New laws help police control wild parties
New laws help police control wild parties

Police regard new powers to deal with out-of-control parties as a “timely” decision.

Parliament passed the new legislation last week to deal out heavy penalties to irresponsible party hosts and give police the power to immediately break up a rowdy party.

Australind Sgt Brett Cassidy said the passing of the legislation was perfect timing in the lead up to Christmas.

“The legislation is probably overdue but it’s good to have,” he said.

“It provides greater penalties for those who organise parties.”

The penalties include a maximum of 12 months in jail and a fine of $12,000.

“With this new legislation, you can be held accountable for a party that gets out of control,” Sgt Cassidy said.

Party hosts do have the opportunity to use evidence to prove they tried to hold a responsible party.

Hosts can let the police know about the party in the days leading up to it.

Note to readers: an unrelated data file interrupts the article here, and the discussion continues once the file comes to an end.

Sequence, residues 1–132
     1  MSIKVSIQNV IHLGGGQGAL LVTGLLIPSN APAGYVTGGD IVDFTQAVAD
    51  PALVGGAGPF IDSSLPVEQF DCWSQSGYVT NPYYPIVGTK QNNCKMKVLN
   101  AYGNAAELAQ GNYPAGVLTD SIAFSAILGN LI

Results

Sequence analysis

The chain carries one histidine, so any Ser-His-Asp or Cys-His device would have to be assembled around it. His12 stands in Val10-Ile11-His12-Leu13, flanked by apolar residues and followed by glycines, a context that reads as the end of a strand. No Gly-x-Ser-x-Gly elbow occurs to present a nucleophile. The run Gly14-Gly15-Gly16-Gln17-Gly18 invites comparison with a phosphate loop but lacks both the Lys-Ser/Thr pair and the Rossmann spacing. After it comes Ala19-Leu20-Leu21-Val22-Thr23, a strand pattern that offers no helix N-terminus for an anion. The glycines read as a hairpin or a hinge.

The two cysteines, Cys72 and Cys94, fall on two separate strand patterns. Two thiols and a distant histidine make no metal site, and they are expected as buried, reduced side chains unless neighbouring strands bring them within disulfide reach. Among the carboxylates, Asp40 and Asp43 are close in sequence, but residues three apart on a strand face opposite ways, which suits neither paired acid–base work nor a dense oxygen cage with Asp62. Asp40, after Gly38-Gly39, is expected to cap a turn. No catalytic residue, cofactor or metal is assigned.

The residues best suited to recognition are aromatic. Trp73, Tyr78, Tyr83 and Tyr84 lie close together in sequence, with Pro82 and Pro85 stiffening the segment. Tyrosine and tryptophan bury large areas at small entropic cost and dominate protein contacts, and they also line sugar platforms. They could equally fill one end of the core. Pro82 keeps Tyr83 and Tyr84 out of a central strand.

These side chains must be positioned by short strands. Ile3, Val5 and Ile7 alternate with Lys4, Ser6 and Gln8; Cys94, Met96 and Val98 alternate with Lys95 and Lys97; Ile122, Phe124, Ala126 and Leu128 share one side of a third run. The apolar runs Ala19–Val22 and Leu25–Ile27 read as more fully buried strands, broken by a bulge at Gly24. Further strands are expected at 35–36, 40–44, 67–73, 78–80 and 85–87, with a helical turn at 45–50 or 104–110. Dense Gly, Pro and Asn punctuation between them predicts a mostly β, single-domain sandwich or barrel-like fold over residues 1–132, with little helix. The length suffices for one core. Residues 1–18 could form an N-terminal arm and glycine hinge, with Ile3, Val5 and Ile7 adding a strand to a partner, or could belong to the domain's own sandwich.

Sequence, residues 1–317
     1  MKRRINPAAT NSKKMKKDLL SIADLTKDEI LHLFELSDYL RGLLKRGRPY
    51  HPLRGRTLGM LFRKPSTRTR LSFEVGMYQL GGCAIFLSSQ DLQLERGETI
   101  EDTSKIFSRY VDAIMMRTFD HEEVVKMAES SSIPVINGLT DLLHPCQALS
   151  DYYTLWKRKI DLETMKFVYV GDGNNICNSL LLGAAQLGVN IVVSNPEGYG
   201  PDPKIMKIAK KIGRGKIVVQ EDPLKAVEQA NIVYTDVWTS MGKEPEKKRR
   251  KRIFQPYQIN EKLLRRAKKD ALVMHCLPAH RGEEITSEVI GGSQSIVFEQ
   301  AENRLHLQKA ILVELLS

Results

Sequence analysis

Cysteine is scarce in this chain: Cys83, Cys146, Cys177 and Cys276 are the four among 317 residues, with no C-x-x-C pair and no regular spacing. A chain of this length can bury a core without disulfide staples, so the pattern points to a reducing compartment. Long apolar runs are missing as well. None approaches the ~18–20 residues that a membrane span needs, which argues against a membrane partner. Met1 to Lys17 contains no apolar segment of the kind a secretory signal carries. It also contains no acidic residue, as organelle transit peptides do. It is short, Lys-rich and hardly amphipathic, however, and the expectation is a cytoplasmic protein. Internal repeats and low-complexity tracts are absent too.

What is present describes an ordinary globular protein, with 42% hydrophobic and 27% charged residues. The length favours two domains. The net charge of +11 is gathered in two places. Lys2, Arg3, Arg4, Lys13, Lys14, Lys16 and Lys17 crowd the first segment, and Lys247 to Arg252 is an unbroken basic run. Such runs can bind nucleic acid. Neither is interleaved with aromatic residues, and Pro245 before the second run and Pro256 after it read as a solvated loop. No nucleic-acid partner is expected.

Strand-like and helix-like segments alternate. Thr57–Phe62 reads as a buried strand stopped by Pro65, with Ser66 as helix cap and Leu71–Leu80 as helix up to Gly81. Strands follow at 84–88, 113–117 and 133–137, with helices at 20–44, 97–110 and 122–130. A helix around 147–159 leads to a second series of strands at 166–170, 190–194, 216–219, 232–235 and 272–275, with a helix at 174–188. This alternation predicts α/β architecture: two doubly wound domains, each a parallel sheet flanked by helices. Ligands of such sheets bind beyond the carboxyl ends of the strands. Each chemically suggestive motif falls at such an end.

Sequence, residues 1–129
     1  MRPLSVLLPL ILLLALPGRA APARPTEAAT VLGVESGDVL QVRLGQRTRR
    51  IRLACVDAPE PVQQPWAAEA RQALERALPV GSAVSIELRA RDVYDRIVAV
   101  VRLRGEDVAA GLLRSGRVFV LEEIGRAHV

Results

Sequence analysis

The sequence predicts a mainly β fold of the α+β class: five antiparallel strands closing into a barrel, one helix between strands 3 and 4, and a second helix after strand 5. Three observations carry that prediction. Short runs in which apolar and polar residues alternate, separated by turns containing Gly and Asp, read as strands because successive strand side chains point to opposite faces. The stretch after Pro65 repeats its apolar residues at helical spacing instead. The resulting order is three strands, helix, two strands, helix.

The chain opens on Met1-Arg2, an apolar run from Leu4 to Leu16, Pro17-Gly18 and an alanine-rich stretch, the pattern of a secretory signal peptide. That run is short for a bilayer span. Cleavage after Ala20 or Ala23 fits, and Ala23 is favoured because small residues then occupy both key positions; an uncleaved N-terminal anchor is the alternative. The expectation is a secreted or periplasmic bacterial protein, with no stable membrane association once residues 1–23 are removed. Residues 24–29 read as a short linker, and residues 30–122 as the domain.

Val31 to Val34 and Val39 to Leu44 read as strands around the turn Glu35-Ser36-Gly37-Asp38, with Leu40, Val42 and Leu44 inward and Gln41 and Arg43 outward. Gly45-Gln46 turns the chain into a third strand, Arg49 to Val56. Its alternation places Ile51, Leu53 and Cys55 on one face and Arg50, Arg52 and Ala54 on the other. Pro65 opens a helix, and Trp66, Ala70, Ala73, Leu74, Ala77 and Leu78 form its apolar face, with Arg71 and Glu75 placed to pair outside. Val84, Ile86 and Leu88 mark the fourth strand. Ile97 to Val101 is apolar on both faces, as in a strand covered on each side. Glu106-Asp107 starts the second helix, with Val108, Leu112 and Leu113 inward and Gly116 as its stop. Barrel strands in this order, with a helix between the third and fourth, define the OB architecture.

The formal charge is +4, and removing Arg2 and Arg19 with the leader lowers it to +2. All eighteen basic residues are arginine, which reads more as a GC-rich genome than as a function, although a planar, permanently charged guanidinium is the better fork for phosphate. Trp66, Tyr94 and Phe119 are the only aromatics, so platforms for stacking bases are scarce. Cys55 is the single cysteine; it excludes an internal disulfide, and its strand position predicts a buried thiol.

“If you give us one or two weeks notice, I can put it in the system and coordinate that into our patrols for the night,” Sgt Cassidy said.

Hosts can also call police if the party gets out of control and make the gathering an invite-only affair.

“Stay away from social media, if you invite a friend through Facebook, they have the ability to invite people from their friends’ list,” Sgt Cassidy said.

Hosts are also encouraged to provide food and water at their parties and not to give alcohol to minors.

After Australind police had to call for back up when breaking up a party involving juveniles, Sgt Cassidy said there would be no tolerance of under-aged party goers.

“If a child is caught outside between 10pm-2am, they will be considered youth-at-risk,” he said.

“We’ll take them off the street, call the parents and make sure they get home safely.”

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